February 1, 2013

Archbishop Tobin gets warm welcome in Tell City Deanery

Archbishop Joseph W. Tobin greets Judy Hagedorn, left, and her daughter, JoAnn Smith, members of St. Mark Parish in Perry County, after celebrating Mass on Jan. 21 at St. Paul Church in Tell City. (Submitted photo courtesy of Vince Luecke, Perry County News)

Archbishop Joseph W. Tobin greets Judy Hagedorn, left, and her daughter, JoAnn Smith, members of St. Mark Parish in Perry County, after celebrating Mass on Jan. 21 at St. Paul Church in Tell City. (Submitted photo courtesy of Vince Luecke, Perry County News)

By Leslie Lynch (Special to The Criterion)

TELL CITY—A sense of reverence and hushed anticipation filled the sanctuary at St. Paul Church in Tell City on Jan. 21 where Archbishop Joseph W. Tobin would celebrate his first deanery Mass outside Indianapolis.

Installed as the shepherd of the Church in central and southern Indiana on Dec. 3, 2012, at SS. Peter and Paul Cathedral in Indianapolis, Archbishop Tobin has the goal of visiting each of the archdiocese’s 11 deaneries in the next three weeks to learn more about the archdiocese and meet the people who comprise it. (Related: Deanery Masses to continue in February)

Members of the Tell City Deanery’s 11 parishes traveled to St. Paul Church and gathered to welcome the new archbishop.

In preparing for the special Mass, Vickie Hillenbrand, coordinator of liturgy and music director at St. Paul Parish, said, “We wanted to set a beautiful and festive tone.”

At the beginning of the Mass, Archbishop Tobin acknowledged the enormity of his transition into his new role. “There’s so much to learn. But I’ve discovered Hoosier hospitality is not just an empty slogan. It’s the real deal. Thank you for coming out to welcome me.”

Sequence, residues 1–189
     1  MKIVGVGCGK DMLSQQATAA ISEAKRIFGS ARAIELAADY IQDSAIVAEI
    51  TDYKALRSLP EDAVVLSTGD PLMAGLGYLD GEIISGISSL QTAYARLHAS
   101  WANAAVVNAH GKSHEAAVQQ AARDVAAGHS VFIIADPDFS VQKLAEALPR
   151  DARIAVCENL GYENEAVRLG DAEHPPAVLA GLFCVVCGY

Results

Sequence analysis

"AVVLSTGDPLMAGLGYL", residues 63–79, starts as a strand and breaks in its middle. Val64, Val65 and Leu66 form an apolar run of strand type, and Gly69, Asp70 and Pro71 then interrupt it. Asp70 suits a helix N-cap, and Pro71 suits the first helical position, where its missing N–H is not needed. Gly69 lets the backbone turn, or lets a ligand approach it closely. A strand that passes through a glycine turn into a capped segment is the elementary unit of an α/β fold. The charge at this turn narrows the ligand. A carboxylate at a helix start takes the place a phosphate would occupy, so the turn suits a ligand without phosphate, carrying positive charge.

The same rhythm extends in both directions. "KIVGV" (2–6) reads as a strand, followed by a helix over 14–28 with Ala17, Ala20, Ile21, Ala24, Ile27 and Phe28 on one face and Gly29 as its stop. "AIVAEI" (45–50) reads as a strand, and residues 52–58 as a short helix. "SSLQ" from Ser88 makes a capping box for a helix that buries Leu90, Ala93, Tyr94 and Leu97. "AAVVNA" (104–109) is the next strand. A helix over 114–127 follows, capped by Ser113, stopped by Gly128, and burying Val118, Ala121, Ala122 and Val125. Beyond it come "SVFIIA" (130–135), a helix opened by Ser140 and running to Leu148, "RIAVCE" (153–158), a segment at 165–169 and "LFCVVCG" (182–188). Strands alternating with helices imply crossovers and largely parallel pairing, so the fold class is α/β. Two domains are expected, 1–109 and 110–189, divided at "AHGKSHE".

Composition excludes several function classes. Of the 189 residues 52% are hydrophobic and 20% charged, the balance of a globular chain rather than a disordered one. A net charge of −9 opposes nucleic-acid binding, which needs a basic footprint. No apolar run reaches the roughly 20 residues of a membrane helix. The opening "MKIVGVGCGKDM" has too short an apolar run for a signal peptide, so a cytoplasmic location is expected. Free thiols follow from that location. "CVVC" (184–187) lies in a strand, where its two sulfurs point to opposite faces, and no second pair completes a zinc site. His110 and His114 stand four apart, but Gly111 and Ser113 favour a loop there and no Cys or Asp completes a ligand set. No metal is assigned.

In his homily, Archbishop Tobin spoke about the personal nature of faith.

Faith isn’t about facts, he said, it is about getting to know God on a more intimate level. He reflected on time spent in prayer before a three-quarter view painting of the face of Jesus, and his subsequent growth in his desire to understand the hidden side.

“The point is, brothers and sisters, every day we get a chance to know the Lord a little more,” he said.

Archbishop Tobin cited prayer, the daily readings and frequent reception of the sacraments as ways to deepen our relationship with God.

He also asked, “Where is God opening a door for us?”

This question resonated with Benedictine Sister Mary Emma Jochum, longtime director of religious education at St. Paul Parish.

“I felt like the bishop’s presence brought a lot of spirit to the Mass,” she said. “I was very much moved by his presence.”

Regarding the question the archbishop posed, she said, “I’ll have to wait and see,” indicating it to be of such importance as to require some prayer and reflection.

Judy Meunier, a member of St. Paul Parish, made note of the fact that Archbishop Tobin paused to pray before preaching the homily.

“I was so impressed,” Meunier said. “It’s a great reminder for any of us to stop and think and pray before we speak.”